Collagen induction therapy

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Collagen induction therapy
LVN Collagen Induction Therapy AMAskincare.jpg
Nurse performing collagen induction therapy for scar reduction using a microneedle stamping device

Collagen induction therapy (CIT) also known as microneedling RF or skin needling is a cosmetic procedure that involves repeatedly puncturing the skin with tiny, sterile needles (microneedling the skin). CIT should be separated from other contexts in which microneedling devices are used on the skin, e.g. transdermal drug delivery, vaccination, etc.

It is a technique for which research is ongoing but has been used for a number of skin problems including scarring and acne.[1]

The procedure usually involves a specialized device which can take the form of an FDA[clarification needed] cleared microneedling RF (Radio Frequency) device, manual rolling device or an automated stamping device. The automated microneedling RF devices use different types of motors. The more advanced motors are the micro-memory robotic controlled[clarification needed] and others are solenoid driven, or hydraulic driven. The microneedling RF devices can control the depth of penetration anywhere from 0.5mm down to 3.5mm in increments of 0.1mm with the most precise devices and by 0.25mm or 0.5mm on others depending on the type of motor. Radio frequencies can vary depending on the device and the more advanced will have both 1MHz and 2MHz while others only having one frequency. The radio frequency is the energy source that produces small thermal coagulation zones[clarification needed] in the dermis to produce collagen and elastin and this is one of the big differences between RF and pens. Needles also vary in the type of metal as some are gold covered and some are insulated and non-insulated. The insulated needles are the most popular as the bottom 0.4mm of the needle is exposed so the RF energy transmits where targeted and not at the epidermis where the most nerve endings are. The insulated needles make for a more comfortable treatment while the non-insulated needles will produce more tightening with a longer downtime and more pain. The microneedling RF devices in the market are under brand names as The Vivace Experience, Lagato, or Profound. The stamping devices, or "microneedling pens", have been listed by the FDA as adulterated and not FDA cleared and are typically powered by a motor and can be adjusted for frequency (stamps/second) and depth of the microneedles. These "pens" are marketed under a number of brand names, such as SkinPen, DermaPen, Micropen, and InnoPen.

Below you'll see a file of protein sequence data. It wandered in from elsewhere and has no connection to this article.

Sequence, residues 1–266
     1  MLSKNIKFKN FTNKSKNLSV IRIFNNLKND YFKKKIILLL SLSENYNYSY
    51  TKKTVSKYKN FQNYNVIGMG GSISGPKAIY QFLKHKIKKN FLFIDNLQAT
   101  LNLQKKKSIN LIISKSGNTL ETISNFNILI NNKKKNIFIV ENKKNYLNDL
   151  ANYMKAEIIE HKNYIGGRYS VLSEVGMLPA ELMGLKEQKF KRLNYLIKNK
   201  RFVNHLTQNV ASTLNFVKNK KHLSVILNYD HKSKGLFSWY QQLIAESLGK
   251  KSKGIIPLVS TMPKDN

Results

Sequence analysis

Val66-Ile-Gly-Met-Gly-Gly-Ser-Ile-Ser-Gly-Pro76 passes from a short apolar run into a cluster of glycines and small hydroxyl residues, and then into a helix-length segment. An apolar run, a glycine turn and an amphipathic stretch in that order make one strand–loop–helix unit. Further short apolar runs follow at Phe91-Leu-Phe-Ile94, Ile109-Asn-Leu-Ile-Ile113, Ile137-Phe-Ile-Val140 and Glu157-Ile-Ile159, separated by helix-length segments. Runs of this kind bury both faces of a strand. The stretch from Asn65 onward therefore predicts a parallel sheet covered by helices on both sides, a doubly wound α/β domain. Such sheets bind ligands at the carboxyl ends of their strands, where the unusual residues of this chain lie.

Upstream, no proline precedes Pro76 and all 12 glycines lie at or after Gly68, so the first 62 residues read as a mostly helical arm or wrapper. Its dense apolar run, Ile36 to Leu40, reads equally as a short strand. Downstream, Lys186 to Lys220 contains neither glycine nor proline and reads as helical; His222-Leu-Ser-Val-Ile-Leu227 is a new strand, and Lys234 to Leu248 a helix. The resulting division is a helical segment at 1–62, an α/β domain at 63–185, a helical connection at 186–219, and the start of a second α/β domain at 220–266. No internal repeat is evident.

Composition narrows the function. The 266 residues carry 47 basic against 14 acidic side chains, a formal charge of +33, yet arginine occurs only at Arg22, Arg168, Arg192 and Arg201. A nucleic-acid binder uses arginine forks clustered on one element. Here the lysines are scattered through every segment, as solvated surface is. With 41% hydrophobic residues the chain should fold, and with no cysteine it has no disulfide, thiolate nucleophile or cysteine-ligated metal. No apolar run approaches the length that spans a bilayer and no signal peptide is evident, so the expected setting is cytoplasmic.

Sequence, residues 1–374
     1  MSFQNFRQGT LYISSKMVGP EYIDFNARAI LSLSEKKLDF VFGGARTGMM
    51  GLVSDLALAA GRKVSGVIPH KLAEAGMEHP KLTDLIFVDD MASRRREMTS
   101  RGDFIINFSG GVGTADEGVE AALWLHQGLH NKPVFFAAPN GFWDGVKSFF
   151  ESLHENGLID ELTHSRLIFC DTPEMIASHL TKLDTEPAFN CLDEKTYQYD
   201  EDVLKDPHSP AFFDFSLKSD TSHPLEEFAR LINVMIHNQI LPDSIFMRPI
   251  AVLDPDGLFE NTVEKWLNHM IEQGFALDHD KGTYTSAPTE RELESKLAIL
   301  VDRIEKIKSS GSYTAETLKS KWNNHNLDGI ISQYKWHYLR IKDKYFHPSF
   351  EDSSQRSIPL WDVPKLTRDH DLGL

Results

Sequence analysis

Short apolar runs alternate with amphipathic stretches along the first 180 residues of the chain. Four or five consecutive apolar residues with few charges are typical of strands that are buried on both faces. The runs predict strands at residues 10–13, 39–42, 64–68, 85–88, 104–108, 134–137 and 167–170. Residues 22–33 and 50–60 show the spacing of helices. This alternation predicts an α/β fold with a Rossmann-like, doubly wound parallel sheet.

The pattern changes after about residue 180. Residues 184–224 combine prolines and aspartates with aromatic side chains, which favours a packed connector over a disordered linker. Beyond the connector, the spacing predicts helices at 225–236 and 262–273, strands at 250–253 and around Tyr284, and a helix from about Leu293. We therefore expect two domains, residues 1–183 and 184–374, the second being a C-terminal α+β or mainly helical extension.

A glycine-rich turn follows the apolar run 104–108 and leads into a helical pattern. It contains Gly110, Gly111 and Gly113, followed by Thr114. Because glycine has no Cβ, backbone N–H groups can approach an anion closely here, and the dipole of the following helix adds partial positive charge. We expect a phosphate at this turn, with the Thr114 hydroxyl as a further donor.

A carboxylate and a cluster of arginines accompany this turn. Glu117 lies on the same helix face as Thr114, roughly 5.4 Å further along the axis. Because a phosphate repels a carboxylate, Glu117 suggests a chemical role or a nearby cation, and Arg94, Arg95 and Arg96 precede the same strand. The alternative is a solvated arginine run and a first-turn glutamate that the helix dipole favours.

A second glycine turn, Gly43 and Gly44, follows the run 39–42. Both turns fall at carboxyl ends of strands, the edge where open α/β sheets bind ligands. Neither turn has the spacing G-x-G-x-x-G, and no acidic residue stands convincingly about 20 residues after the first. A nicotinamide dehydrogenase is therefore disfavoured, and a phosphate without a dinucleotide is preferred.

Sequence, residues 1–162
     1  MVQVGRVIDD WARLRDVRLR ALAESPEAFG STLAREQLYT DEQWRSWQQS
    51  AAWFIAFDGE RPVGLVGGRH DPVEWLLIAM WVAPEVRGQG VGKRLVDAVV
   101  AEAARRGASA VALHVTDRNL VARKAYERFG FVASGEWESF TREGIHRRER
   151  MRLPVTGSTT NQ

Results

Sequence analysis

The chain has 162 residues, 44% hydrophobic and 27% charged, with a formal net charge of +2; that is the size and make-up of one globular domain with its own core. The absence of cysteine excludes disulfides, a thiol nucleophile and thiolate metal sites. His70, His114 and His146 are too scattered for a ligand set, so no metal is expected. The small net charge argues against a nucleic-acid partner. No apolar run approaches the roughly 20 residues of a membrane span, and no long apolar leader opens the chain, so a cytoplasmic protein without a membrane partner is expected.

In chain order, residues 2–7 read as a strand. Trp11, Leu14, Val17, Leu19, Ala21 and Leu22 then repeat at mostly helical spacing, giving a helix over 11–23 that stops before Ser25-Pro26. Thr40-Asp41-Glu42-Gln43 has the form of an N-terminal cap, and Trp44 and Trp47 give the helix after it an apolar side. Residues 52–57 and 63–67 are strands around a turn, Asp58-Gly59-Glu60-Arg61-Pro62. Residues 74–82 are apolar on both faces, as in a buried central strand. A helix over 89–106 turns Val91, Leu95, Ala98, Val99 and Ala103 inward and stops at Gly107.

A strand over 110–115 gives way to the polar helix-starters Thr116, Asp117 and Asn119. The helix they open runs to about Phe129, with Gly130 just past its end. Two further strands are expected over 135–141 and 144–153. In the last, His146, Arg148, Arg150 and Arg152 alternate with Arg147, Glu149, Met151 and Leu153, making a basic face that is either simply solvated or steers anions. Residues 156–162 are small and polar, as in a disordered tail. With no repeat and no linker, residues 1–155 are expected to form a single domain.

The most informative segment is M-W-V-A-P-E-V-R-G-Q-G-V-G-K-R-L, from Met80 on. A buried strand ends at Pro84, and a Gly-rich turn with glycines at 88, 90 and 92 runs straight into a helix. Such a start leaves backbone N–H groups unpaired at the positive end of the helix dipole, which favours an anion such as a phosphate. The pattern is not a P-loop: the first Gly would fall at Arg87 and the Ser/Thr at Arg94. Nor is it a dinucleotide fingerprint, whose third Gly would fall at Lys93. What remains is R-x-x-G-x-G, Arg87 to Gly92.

1. ^ Cohen, BE; Elbuluk, N (5 November 2015). "Microneedling in skin of color: A review of uses and efficacy.". Journal of the American Academy of Dermatology. 74: 348–55. PMID 26549251. doi:10.1016/j.jaad.2015.09.024.